In the waning days of budget negotiations, medical providers are sounding their biennial battle cry to raise Medicaid reimbursement rates. Despite their refrain that increasing reimbursement rates could shore up the program’s provider network, the rates probably won’t budge much, as that is traditionally one of few variables that the Legislature relies on to contain Medicaid costs.
“If we can find another way to create cost containment in the Medicaid program, then we wouldn’t have to lean so hard on the provider rates,” said Rep. John Zerwas, R-Simonton. He is House Speaker Joe Straus’ go-to guy for health and human services and Article II in the budget.
In the belt-tightening 2011 session, lawmakers cut reimbursement rates for most providers by 10 to 20 percent, Zerwas said. While budget negotiators are looking to raise a handful of provider rates that are “markedly depressed,” he said the goal this session is to not cut rates further.
“Texas is one of the lowest states as far as doctor payment under Medicaid,” said Dr. Michael Speer, president of the Texas Medical Association. “We haven’t reached bottom, but we’re right above the catfish — the bottom feeders.”
On average, Texas Medicaid pays 65 cents for every dollar Medicare pays for the same services, according to a Medicaid-to-Medicare fee index compiled by the Kaiser Family Foundation. In its latest survey, the Texas Medical Association found only 31 percent of Texas doctors were willing to accept all new Medicaid patients in 2012, down from 67 percent in 2000. By comparison, 58 percent of doctors accept Medicare patients, down from 78 percent in 2000.
Gov. Rick Perry and other GOP members have repeatedly called Medicaid “broken” because so many providers are unwilling to participate in the program. Medical providers argue that if the Legislature intends to fix Medicaid, raising reimbursement rates would be a good place to start.
The only Medicaid reimbursements that are guaranteed to rise this session are primary care rates, as a provision in the federal Affordable Care Act requires Texas to bring Medicaid rates for primary care providers to parity with Medicare rates for two years. The federal government will pick up the majority of the tab — $549 million in 2014 — while the state will have to pay $16 million to restore cuts to reimbursement rates made in 2011, according to the Health and Human Services Commission.
The House version of the budget would redefine obstetricians and gynecologists as primary care providers, enabling them to qualify for the rate increase required by the ACA.
“It seems like a logical policy thing to do, to allow OB/GYNs to be [considered] primary care providers for women,” said Zerwas, noting that he’s still negotiating with Senate budget conferees and it’s “not absolutely baked into our decisions right now.”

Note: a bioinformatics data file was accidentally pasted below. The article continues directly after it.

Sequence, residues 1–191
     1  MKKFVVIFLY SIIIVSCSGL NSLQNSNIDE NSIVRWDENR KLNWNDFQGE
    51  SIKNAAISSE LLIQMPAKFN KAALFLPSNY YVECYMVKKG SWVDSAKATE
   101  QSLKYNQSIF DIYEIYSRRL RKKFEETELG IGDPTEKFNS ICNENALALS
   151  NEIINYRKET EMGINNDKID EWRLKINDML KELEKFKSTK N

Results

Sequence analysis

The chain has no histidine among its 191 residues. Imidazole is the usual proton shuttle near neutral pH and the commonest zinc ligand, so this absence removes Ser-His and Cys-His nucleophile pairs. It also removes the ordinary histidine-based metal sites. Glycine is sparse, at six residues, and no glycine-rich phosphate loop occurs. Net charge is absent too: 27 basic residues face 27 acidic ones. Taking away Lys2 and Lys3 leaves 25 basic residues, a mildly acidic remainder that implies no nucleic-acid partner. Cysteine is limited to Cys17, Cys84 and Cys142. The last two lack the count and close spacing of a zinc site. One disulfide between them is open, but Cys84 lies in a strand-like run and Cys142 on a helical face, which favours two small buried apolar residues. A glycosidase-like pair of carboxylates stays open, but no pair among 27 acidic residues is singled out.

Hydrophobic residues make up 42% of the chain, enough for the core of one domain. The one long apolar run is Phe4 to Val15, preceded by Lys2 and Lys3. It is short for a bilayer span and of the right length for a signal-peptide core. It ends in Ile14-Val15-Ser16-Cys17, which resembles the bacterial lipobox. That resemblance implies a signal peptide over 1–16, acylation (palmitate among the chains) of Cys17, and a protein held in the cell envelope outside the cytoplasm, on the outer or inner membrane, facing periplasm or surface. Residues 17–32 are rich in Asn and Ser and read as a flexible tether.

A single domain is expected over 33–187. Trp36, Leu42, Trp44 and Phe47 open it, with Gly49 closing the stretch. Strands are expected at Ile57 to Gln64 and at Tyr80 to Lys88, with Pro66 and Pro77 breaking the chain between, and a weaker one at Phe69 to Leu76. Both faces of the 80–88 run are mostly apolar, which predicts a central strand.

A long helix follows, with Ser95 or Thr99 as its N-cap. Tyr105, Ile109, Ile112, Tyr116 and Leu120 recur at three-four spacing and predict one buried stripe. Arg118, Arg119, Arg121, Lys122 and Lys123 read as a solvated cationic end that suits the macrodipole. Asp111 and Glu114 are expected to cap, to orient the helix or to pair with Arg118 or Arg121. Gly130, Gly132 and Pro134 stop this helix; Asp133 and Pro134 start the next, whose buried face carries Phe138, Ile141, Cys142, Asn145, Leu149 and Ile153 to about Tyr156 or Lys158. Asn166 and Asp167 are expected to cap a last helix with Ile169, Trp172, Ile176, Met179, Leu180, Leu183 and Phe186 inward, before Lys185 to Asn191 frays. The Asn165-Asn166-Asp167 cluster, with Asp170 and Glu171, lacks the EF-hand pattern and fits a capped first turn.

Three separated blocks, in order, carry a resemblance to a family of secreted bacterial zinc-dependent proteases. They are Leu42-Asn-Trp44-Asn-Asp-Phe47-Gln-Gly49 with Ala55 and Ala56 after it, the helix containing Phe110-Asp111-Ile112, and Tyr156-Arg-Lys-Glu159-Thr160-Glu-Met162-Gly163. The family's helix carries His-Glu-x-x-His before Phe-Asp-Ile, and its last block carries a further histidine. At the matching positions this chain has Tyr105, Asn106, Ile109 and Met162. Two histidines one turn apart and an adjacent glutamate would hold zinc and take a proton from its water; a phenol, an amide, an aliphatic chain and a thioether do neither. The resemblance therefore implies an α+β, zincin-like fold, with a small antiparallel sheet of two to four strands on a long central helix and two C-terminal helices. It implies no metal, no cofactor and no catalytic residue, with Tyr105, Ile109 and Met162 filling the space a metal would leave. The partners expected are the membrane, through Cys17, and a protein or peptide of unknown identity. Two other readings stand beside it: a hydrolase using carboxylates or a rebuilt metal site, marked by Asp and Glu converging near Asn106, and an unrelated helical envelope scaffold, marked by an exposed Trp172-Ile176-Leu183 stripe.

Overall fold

“I agree that provider rates need to fairly compensate physicians for these important services,” Sen. Jane Nelson, R-Flower Mound and Zerwas’ counterpart for the health budget in the Senate, said in a statement. “We are evaluating its feasibility as we finalize the budget.”
The tentative Senate version of the budget allots $74 billion for Article II — nearly a billion dollars more than for public and higher education, traditionally the largest portion of the budget — while the House version calls for more than $72 billion.
Both the House and Senate budget proposals include riders that would reduce Medicaid costs by $349 million or $400 million, respectively. Rather than raise Medicaid rates, the riders include provisions to bring Medicaid rates that are above Medicare rates to parity. (The House version excludes home health pediatric services that have no equivalent in Medicare.)
For the majority of the Medicaid program, the Legislature doesn’t set reimbursement rates anymore, as the state contracts with Medicaid managed care organizations to build provider networks across the state by setting competitive reimbursement rates. Managed care contains costs, proponents argue, as the state pays the MCOs a premium for each Medicaid recipient, rather than a fee for each service.
Earlier this month, the Legislative Budget Board approved a small bump — $59 million for the end of fiscal year 2013 — to Medicaid managed care organization’s premiums. A spokesperson for HHSC said that would pay for costs already incurred by MCOs, such as payments to physicians for services.
“There’s really no incentive or no requirement for them to ensure that those increases trickle down to providers that are actually providing the services,” said Rachel Hammon, executive director for Texas Association of Homecare and Hospice. It’s more difficult for Medicaid providers, such as home health agencies, to operate their businesses, Hammon argued, because unlike other industries, which may raise the cost of services to raise additional revenue, “we can’t increase our rates.”
Although raising the reimbursements to MCOs does not necessarily increase payments to providers, Rep. Garnet Coleman, D-Houston, said the Legislature could stipulate that increases in premiums trickle down to reimbursement rates.
“If we want to keep Medicaid providers, up the rates,” Coleman said. “As a matter of fact, that would mean a lot to the infrastructure of the networks that are necessary to serve patients.”
*This story originally misstated the amount proposed budget riders would reduce in Medicaid savings. It has been corrected to state that the budget riders would reduce Medicaid spending by $349 million to $400 million in the 2014-15 biennium.